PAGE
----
Background: Eating disorders such as anorexia nervosa present with a significant cardiovascular associated risk of sudden cardiac death. Bradycardia is a serious complication of eating disorders.
Methods: Eating Disorder (ED) patients were admitted to a 6-week treatment program and assessed for of heart rate variability (HRV) at entrance to the program and at discharge from hospital. Linear heart rate variability measures were determined using Kubios software from Lead 3 ECG recordings following a 5-minute rest period. Nonparametric statistics were applied and significance set at p < 0.05.
Results: No significant differences in HRV parameters were noted for the control group following the 6-week treatment program. For the ED group, mean RR interval length decreased significantly following treatment compared (median ± IQR; -64 ± 76; p = 0.002). Sympathovagal function was abnormal in the ED group on admission but improved following treatment, showing a decrease in RMSSD (median ± IQR; -9 ± 18; p = 0.048) and SD1 (median ± IQR; -6 ± 13; p = 0.048). Sample entropy, a, measure of heart rate complexity did not change significantly.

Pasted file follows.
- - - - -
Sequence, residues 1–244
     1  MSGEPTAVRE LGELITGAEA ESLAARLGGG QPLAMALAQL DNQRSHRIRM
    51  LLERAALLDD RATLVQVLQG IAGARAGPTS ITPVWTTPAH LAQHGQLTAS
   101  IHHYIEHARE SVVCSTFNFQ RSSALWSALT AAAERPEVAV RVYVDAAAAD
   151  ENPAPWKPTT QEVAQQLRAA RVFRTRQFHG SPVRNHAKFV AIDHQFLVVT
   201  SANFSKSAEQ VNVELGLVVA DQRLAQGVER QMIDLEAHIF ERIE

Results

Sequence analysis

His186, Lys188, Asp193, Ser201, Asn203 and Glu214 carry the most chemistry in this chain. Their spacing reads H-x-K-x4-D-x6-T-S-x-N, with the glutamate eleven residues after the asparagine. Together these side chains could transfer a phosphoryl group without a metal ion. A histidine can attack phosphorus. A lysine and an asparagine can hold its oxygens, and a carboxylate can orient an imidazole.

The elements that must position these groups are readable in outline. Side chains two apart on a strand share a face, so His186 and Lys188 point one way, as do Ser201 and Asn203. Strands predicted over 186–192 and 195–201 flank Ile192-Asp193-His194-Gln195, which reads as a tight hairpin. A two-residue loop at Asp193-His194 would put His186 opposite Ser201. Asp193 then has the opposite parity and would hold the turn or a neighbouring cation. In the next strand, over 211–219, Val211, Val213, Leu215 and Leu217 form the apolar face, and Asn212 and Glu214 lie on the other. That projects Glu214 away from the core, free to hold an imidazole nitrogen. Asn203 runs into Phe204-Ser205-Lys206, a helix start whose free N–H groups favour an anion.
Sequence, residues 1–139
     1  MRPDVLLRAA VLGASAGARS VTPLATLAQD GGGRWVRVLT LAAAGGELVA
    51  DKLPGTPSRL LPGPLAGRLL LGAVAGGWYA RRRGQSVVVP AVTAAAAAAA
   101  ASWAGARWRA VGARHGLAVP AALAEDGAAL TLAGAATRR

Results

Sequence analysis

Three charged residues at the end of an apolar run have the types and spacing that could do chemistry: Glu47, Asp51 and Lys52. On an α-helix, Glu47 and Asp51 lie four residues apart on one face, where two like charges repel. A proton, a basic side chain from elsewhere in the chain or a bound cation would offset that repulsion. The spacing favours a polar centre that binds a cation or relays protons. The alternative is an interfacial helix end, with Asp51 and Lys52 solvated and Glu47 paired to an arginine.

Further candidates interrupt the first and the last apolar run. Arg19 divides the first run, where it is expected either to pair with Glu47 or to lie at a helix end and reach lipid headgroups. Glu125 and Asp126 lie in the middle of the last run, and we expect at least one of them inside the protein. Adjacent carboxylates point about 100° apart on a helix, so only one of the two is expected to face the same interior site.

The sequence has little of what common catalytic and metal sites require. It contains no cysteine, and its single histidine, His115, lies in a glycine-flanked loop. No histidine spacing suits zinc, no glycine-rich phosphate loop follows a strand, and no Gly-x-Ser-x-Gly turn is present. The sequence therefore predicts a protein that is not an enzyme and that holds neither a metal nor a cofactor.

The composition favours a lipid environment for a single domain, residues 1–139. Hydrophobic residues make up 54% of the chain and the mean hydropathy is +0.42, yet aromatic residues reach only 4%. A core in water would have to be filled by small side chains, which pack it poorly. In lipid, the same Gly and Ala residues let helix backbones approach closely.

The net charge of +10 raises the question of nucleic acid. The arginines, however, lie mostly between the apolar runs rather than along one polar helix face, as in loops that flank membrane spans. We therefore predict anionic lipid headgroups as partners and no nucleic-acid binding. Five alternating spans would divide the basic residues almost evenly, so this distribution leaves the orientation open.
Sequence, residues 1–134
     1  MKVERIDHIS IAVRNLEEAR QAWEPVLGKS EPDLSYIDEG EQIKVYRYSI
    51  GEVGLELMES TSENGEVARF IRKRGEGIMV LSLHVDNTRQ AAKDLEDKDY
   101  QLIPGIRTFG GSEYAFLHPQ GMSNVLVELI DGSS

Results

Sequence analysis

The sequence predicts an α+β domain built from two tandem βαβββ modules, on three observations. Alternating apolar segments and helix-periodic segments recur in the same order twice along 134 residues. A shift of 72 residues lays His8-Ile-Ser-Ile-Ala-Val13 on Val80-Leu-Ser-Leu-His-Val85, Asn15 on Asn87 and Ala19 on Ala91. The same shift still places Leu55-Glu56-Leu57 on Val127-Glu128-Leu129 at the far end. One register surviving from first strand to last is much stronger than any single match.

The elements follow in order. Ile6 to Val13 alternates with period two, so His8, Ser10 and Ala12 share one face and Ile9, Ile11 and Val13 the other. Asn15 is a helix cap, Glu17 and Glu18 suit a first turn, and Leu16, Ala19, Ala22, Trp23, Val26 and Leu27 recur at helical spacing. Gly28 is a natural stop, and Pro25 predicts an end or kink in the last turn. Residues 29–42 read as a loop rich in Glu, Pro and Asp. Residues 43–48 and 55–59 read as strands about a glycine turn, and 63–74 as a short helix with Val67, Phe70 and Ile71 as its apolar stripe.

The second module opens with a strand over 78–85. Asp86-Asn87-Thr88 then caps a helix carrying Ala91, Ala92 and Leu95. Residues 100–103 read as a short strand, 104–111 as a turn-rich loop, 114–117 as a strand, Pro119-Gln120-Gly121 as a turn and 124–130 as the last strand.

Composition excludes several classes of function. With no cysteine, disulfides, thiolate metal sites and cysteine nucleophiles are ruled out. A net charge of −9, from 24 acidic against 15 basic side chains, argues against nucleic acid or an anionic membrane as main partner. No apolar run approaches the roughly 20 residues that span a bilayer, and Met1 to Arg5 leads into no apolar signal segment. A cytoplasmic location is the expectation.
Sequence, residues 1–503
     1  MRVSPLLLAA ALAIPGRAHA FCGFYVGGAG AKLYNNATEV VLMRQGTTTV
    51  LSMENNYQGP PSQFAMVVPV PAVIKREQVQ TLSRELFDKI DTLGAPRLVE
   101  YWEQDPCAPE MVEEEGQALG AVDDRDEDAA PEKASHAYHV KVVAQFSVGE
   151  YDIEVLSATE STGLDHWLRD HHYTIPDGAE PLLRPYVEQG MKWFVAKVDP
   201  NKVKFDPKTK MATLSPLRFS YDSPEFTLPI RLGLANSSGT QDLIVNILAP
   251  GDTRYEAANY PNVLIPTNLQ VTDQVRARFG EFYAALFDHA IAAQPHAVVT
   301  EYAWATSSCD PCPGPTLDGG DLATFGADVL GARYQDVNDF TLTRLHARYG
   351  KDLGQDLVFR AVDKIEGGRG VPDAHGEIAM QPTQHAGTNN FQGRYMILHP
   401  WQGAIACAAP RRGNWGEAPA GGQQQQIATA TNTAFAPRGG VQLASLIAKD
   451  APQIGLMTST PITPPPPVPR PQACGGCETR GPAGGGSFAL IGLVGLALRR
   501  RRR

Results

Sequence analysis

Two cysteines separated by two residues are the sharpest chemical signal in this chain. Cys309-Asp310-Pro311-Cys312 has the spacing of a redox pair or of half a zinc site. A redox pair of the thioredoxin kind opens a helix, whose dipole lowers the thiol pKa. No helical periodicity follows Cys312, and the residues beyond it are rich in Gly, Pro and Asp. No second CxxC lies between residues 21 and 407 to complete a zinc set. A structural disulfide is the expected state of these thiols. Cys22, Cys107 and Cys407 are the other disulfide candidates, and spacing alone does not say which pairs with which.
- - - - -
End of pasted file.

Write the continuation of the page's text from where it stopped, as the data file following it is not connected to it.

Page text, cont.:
Conclusion: At admission to hospital the ED group was more parasympathetic during rest compared to controls, but they became more sympathetic after the intervention and approached the HRV measures of the controls.